Accounting
 Anti-trust
 Commercial
 Consumer
 Criminal
 Employment
 Energy
 Environment
 Family
 Finance
 Government
 Healthcare
 Immigration
 Insolvency
 Insurance
 International
 IP
 Law Performance
 Law Practice
 Litigation
 Media & IT
 Privacy
 Real Estate
 Strategy
 Tax
 Technology
 Transport
 Wealth Mgt
Regions
Africa
Asia
Asia Pacific
Australasia
Canada
Caribbean
Europe
European Union
Latin America
Middle East
U.K.
United States
Worldwide Updates
Check to state you have read and
agree to our Terms and Conditions

Terms & Conditions and Privacy Statement

Mondaq.com (the Website) is owned and managed by Mondaq Ltd and as a user you are granted a non-exclusive, revocable license to access the Website under its terms and conditions of use. Your use of the Website constitutes your agreement to the following terms and conditions of use. Mondaq Ltd may terminate your use of the Website if you are in breach of these terms and conditions or if Mondaq Ltd decides to terminate your license of use for whatever reason.

Use of www.mondaq.com

You may use the Website but are required to register as a user if you wish to read the full text of the content and articles available (the Content). You may not modify, publish, transmit, transfer or sell, reproduce, create derivative works from, distribute, perform, link, display, or in any way exploit any of the Content, in whole or in part, except as expressly permitted in these terms & conditions or with the prior written consent of Mondaq Ltd. You may not use electronic or other means to extract details or information about Mondaq.com’s content, users or contributors in order to offer them any services or products which compete directly or indirectly with Mondaq Ltd’s services and products.

Disclaimer

Mondaq Ltd and/or its respective suppliers make no representations about the suitability of the information contained in the documents and related graphics published on this server for any purpose. All such documents and related graphics are provided "as is" without warranty of any kind. Mondaq Ltd and/or its respective suppliers hereby disclaim all warranties and conditions with regard to this information, including all implied warranties and conditions of merchantability, fitness for a particular purpose, title and non-infringement. In no event shall Mondaq Ltd and/or its respective suppliers be liable for any special, indirect or consequential damages or any damages whatsoever resulting from loss of use, data or profits, whether in an action of contract, negligence or other tortious action, arising out of or in connection with the use or performance of information available from this server.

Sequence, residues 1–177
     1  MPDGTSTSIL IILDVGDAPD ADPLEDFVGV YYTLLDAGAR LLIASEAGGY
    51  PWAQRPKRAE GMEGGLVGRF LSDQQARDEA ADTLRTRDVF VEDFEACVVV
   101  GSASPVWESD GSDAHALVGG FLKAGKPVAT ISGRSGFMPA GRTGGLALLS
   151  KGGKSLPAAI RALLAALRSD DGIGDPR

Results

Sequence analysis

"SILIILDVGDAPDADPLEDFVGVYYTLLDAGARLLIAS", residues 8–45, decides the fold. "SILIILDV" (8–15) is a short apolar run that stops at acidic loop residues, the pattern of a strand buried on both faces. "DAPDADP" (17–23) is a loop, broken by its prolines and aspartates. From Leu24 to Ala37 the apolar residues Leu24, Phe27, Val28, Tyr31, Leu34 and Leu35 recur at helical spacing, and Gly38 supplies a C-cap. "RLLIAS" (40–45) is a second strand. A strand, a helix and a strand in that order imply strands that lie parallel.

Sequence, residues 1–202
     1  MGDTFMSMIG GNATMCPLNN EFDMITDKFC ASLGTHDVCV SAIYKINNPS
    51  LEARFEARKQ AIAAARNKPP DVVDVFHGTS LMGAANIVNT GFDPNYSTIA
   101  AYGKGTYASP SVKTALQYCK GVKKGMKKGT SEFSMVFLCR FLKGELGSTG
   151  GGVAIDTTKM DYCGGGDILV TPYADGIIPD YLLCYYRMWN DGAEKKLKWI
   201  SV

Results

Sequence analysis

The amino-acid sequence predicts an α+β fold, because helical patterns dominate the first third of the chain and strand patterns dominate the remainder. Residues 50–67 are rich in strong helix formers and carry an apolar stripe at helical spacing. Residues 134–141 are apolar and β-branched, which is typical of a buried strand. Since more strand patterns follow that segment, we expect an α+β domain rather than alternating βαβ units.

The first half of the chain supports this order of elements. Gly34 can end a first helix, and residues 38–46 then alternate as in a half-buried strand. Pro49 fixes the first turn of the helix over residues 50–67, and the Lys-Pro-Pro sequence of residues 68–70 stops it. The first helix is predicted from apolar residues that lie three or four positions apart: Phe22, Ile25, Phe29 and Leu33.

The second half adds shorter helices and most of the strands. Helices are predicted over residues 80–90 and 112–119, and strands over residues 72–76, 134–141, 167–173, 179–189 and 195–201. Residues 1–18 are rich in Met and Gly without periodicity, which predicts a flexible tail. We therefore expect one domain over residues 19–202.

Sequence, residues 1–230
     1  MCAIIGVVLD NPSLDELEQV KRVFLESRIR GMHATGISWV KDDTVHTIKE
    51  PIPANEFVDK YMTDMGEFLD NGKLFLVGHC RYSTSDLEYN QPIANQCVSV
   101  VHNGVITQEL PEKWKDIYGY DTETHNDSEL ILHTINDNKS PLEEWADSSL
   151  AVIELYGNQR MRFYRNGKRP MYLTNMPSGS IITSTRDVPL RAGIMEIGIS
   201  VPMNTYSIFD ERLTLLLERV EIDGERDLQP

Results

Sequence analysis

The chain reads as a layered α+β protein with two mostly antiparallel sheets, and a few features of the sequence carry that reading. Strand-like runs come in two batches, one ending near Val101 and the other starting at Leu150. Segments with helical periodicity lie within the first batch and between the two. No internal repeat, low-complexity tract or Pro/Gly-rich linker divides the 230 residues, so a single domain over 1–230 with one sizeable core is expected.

The documents and related graphics published on this server could include technical inaccuracies or typographical errors. Changes are periodically added to the information herein. Mondaq Ltd and/or its respective suppliers may make improvements and/or changes in the product(s) and/or the program(s) described herein at any time.

Registration

Mondaq Ltd requires you to register and provide information that personally identifies you, including what sort of information you are interested in, for three primary purposes:

  • To allow you to personalize the Mondaq websites you are visiting.
  • To enable features such as password reminder, newsletter alerts, email a colleague, and linking from Mondaq (and its affiliate sites) to your website.
  • To produce demographic feedback for our information providers who provide information free for your use.

Mondaq (and its affiliate sites) do not sell or provide your details to third parties other than information providers. The reason we provide our information providers with this information is so that they can measure the response their articles are receiving and provide you with information about their products and services.

If you do not want us to provide your name and email address you may opt out by clicking here .

If you do not wish to receive any future announcements of products and services offered by Mondaq by clicking here .

Information Collection and Use

We require site users to register with Mondaq (and its affiliate sites) to view the free information on the site. We also collect information from our users at several different points on the websites: this is so that we can customise the sites according to individual usage, provide 'session-aware' functionality, and ensure that content is acquired and developed appropriately. This gives us an overall picture of our user profiles, which in turn shows to our Editorial Contributors the type of person they are reaching by posting articles on Mondaq (and its affiliate sites) – meaning more free content for registered users.

We are only able to provide the material on the Mondaq (and its affiliate sites) site free to site visitors because we can pass on information about the pages that users are viewing and the personal information users provide to us (e.g. email addresses) to reputable contributing firms such as law firms who author those pages. We do not sell or rent information to anyone else other than the authors of those pages, who may change from time to time. Should you wish us not to disclose your details to any of these parties, please tick the box above or tick the box marked "Opt out of Registration Information Disclosure" on the Your Profile page. We and our author organisations may only contact you via email or other means if you allow us to do so. Users can opt out of contact when they register on the site, or send an email to unsubscribe@mondaq.com with “no disclosure” in the subject heading